Tuesday, November 26, 2013

Do One Good Thing for Hudson’s Fifth Birthday

Five. In five days, Hudson should be turning five. This birthday feels bigger, more momentous somehow than birthdays past—unfathomable. It is our fourth without her—unfathomable. We’d be getting ready to send her to kindergarten next fall—unfathomable.

It occurred to me this morning that for the first time since she was born, her birthday falls on Thanksgiving weekend. She was born the Monday after Thanksgiving in 2008. When I left my office on the Wednesday before Thanksgiving, I did some wrapping up and packing up, because I just had a feeling that I might not be back. It was an odd hunch, because she was not due to arrive until December 10, and first babies are not necessarily famous for coming early. But my hunch was right, and I woke up early on the Sunday after Thanksgiving with regular contractions that increased over the course of the day. She was born at 7:19 the next morning.

And here we are. Five years later. Another Thanksgiving weekend. Another birthday. But no Hudson.

I wrote at this time last year that she felt farther away from me than ever. This year, she feels closer than she has in a long time. That is what grief does to you. What it does for you. I have felt the weight of my grief more acutely in the last few months than I have in a long time. On Friday night, I cried myself to sleep for the first time in as long as I can remember (and woke up the next morning with the accompanying intense ache behind my eyeballs that makes me wish I never had to open my eyes again). And because I feel closer to my grief, I feel closer to my girl. Such an strange ebb and flow.

But here we are at another birthday. Last year, we had to find some new One Good Things to do in honor of Hudson’s life now that we live in our old home again. We again took toys and treats to the animal shelter, and instead of taking toys and books to the children’s hospital here, we opted instead to give them to the Ronald McDonald House nearby. And we made our annual donation to the National Arboretum, where Hudson’s bench and a very tiny portion of her ashes remain (the only portion that is separated from the rest, which sit in a ceramic jar on my bedside table). We’ll do these same things again this year, to celebrate Hudson’s life in ways that we know honor the wonderful spirit that she was and the things that she loved and the people who cared for her in her last hours.  Thanksgiving weekend seems like an especially lovely time to do these things in her memory.

As we have in years past, we also invite you to do One Good Thing sometime this week or on December 1st. And please share with anyone else you know who might want to help us celebrate her life in this special way. And as in years past, if you are so inclined, we would love to hear from you about your One Good Thing, so feel free to leave a comment here about it.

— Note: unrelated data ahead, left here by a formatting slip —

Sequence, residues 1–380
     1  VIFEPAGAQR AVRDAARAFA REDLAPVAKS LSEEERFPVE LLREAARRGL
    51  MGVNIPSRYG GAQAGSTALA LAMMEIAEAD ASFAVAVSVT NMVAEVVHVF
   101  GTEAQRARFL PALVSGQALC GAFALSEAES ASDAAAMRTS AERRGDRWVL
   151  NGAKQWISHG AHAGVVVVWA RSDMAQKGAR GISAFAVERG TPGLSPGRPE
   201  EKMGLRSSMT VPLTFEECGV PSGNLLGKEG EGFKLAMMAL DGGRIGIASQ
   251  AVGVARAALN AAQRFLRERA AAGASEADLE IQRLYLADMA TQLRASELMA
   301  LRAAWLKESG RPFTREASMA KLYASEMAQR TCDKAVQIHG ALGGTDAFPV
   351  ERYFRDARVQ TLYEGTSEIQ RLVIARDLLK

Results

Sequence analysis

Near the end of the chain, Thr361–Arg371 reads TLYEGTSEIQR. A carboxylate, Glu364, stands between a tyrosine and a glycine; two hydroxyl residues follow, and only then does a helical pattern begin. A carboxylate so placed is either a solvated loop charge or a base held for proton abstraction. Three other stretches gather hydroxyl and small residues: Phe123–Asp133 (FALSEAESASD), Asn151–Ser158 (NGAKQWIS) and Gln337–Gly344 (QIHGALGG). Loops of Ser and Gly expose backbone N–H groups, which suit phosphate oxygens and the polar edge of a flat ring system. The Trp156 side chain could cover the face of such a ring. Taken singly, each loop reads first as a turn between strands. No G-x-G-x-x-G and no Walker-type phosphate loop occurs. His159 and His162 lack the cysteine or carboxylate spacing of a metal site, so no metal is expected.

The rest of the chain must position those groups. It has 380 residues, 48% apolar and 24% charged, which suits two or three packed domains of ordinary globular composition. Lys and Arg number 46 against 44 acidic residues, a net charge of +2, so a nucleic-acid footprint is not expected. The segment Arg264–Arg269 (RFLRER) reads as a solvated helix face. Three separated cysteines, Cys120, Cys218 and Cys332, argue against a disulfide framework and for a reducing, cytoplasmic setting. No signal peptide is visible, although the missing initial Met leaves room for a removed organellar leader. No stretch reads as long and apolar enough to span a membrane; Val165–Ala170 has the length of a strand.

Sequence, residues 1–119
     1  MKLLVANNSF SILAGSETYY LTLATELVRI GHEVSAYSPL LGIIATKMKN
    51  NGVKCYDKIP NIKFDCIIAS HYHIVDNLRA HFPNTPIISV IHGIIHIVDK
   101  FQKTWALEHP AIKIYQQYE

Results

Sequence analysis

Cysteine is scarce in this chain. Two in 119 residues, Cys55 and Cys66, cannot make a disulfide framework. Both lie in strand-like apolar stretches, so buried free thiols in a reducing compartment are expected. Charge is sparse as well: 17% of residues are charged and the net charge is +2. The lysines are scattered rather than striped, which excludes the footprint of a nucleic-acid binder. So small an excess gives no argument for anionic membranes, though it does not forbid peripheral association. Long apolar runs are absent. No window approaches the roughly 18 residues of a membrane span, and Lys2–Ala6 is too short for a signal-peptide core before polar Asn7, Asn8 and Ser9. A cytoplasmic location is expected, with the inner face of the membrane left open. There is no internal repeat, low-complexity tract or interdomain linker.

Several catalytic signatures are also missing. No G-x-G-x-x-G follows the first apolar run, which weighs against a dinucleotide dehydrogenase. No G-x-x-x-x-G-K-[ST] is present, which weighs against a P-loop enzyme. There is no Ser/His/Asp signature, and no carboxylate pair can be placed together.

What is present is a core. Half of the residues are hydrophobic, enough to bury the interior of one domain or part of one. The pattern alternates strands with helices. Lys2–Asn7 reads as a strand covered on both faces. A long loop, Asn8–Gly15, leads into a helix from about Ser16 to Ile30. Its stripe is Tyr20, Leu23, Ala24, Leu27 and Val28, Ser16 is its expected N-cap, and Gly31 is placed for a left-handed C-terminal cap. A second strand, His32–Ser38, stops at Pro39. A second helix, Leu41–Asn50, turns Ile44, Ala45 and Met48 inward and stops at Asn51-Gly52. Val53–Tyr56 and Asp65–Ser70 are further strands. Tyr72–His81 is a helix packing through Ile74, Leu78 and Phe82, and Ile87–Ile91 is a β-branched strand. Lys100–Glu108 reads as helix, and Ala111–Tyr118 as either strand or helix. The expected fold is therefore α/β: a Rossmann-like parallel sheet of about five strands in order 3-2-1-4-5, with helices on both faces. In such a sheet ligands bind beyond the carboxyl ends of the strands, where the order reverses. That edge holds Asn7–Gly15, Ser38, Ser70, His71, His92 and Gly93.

I will end the way I always have: We can’t stop it from coming. We can’t bring Hudson back. But in the spirit of the lesson she taught us, we can continue to help her light shine in the world by finding the One Good Thing, and this week, that means doing One Good Thing. Thank you all so much.

Sunday, November 17, 2013

The Things We’ve Handed Down

I recently read Liane Moriarty’s new book, The Husband’s Secret. One certainly could not have guessed from the title or description of this book that dead and maimed children would figure so prominently in it, so I dove into it unsuspectingly, only to find myself reading words that I could have written myself as the author describes one mother’s deep grief over her daughter’s death nearly thirty years before. Some of her descriptions were so apt that I found myself researching the author on the internet to see if she herself had lost a child (she hadn’t).

At one point this mother, whose daughter died at age seventeen, wonders aloud whether her daughter would have liked Tupperware parties. The passage continues, “She tried, and failed, as she always did, to imagine Janie as a forty-five-year-old woman.”

And I thought about the countless times in the last three-and-a-half years that I have tried to do this very same thing, tried to imagine what Hudson would look like, tried to imagine what she would be like, tried to imagine what she would be interested in. But even as I watch all of her age-group peers grow up in Facebook photos and videos, I find it impossible to imagine her face, her personality, her voice.

When I read that passage and thought about how impossible it is to imagine Hudson at almost five years old, I was suddenly jealous of this fictional grieving mother. Irrationally and in my head, I yelled at this woman who does not even exist. “At least you have some idea of what your daughter would be like at forty-five! You knew her at seventeen! You knew what she looked like as a grown person! You knew her personality as a young woman! You think YOU can’t imagine what your daughter would be like at forty-five!”